Federal stamped brass now means two different things. Older Federal is Federal brass. It's perfectly decent stuff. But newer Federal brass is the same extruded brass as anything you find stamped with CCI, Blazer or Speer. It's all ATK brass now and for you to separate the new -FC- marked 9mm in a container apart from CCI, Speer and Blazer is superfluous because they are exactly the same thing and probably come from the same machine. I sort headstamps like you do, and I have two different buckets -- one for Federal brass and one for ATK brass.

    PMC used to make great brass... and the PMC stuff I have from the 90s and a bit later is terrific stuff. But the newest PMC brass has not impressed me. In 9mm, I've not had any trouble from it. In .45 Auto however, it's thin and can wrinkle easily when seating and taper crimping. I am quite disappointed in the new .45 PMC brass. I do still use the 9mm stuff.

    R-P is my least favorite of all brass outside of A-Merc. R-P is thin in the case mouth. It doesn't seem to have a short life, it doesn't give me neck splits or anything like that, but I simply do not get the case mouth tension with R-P brass that I get with almost all other brass that I use. And nickel R-P is even worse. So at my bench, I tend to avoid R-P for the most part. Case mouth tension is very important to me -- unintended bullet setback can be catastrophic in some cases. I do use my fair share of it in .38 Special where the cartridge is not being violently jacked in to the chamber by the handgun. And of course, YMMV -- I'm sure some folks love their R-P brass but it's no friend of mine. I notice this thinness in all calibers simply by the comparative effort when flaring the case mouth. And where it gives me the most trouble: 10mm brass.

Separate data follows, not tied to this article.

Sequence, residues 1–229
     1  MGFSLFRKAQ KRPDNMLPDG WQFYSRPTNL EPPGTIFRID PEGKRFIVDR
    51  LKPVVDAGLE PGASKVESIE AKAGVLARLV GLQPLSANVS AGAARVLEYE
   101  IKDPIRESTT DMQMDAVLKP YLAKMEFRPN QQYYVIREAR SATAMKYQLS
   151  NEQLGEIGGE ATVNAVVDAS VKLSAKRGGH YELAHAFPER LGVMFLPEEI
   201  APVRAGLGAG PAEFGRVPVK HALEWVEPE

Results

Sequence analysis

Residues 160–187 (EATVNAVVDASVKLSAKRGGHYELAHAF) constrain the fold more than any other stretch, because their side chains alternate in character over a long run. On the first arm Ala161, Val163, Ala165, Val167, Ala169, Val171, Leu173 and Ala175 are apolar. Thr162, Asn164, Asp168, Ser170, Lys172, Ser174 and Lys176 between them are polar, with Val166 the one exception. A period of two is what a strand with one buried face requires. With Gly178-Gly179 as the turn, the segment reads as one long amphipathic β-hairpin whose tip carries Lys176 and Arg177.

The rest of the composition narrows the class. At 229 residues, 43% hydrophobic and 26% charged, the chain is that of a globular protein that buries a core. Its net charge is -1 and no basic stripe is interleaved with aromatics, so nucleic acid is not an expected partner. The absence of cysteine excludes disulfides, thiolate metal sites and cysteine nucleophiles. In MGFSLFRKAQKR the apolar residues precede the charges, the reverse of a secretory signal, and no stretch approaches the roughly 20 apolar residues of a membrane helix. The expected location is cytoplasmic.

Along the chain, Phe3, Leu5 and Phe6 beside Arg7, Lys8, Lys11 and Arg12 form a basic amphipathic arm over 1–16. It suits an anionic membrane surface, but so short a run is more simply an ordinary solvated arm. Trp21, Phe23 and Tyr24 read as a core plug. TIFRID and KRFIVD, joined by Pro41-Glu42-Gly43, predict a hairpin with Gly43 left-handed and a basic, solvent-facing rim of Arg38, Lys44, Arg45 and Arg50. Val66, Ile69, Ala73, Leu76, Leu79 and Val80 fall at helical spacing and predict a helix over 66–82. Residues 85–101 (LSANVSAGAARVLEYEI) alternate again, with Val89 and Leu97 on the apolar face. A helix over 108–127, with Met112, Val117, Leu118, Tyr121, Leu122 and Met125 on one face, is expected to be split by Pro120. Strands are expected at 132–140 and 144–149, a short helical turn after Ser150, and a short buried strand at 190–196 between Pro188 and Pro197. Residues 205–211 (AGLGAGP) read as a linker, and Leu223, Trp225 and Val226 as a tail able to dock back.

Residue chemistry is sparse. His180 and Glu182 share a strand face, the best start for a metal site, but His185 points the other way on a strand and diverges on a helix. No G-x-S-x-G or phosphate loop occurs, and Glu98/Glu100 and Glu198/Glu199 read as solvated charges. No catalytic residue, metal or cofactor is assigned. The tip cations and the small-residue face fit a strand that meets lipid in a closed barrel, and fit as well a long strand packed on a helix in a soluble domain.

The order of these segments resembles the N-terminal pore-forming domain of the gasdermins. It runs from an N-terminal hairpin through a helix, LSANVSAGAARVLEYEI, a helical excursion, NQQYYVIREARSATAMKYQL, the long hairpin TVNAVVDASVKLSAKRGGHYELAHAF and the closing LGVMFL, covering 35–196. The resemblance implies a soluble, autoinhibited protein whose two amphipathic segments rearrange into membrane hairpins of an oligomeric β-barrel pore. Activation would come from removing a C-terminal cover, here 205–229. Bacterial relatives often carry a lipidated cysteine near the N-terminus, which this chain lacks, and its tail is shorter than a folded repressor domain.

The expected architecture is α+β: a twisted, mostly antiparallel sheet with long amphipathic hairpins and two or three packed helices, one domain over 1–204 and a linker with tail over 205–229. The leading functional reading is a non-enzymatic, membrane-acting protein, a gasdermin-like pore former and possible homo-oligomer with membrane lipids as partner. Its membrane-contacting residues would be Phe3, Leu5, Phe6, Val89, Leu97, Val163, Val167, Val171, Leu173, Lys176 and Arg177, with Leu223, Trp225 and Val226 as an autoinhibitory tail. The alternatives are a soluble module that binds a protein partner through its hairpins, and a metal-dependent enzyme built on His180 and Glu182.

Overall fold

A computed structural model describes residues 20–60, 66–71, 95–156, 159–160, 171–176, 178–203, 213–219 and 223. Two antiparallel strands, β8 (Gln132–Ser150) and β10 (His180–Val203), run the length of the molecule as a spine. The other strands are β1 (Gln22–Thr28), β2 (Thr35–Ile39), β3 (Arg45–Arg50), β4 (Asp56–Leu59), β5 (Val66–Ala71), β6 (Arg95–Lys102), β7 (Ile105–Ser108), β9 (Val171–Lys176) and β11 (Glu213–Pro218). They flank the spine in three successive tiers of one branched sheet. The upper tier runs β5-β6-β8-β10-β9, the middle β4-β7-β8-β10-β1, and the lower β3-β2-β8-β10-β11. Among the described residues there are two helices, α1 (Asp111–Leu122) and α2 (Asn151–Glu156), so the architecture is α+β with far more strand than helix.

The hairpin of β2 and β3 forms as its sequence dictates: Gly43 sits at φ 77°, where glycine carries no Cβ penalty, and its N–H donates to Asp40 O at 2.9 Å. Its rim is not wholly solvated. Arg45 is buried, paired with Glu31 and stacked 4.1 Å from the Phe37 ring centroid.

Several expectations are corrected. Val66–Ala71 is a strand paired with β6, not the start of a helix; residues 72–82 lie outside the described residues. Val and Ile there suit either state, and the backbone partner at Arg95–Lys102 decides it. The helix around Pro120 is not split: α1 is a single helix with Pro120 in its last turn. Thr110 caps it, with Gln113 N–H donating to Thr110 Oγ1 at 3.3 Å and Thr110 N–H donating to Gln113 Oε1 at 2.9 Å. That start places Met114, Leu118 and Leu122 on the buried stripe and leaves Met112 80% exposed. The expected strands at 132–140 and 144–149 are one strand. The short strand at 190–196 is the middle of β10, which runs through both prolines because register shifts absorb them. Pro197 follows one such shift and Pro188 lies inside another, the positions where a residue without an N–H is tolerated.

Starline brass is decent brass but IMO, it's not any better than decent. I only add this because it seems like so many folks put it on a pedestal above and beyond all others, like Lapua, Norma or Nosler rifle brass and I simply don't see it. It's fully functional brass and it's perfectly good brass to work with but I don't buy in to the hype that it's GOLD in pistol brass. In my experience, it's no better or worse than good 'ole Winchester pistol brass. I'd use it without hesitation and it's a darn good buy for the money, but I can't get on board with those who believe it's the greatest stuff ever made.
     
  9. hAkron

    hAkron Member

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    I have not run across AMERC, but will steer clear! I usually will discard otherwise decent brass if the headstamp is unclear as to what it is specifically. The only one that comes to mind that I keep ending up with in my range pickups is a particular Winchester 9MM that doesn't say 9MM but just has a number 7 on it. Visual inspection seems to show that it's a 9MM, but I don't want to get it mixed up with anything so I toss it. Also I've been trying to decide if I should dump or just separate the Blazer Brass .45 stuff that uses the small pistol primer.
     
  10. BADUNAME37

    BADUNAME37 Member

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    There were about 500+ pcs of milspec .223 ammo brass that was given to me. Certain cases had a symbol which I believe was like the symbol for Pi (3.1415). Every single one of those cases had extremely loose primer pockets to the point that primers were falling out, and when I tried to put any of those cases in my RCBS shell holder, the rim of the cases was just thick enough to not even fit in my shell holder, and I believe the cases did say 5.56 on the bottom, IIRC.

    Wow, that link in the first post of headstamps is really good info!
    I found this casing there which I think are the ones I was referring to, possibly not, though: http://www.afte.org/ExamResources/gallery2/v/Headstamp-Gallery/album06/3-74_002.jpg.html
     
    Last edited: Feb 5, 2011
  11. Hanzerik

    Hanzerik Member

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    I only reload .45ACP and .44Mag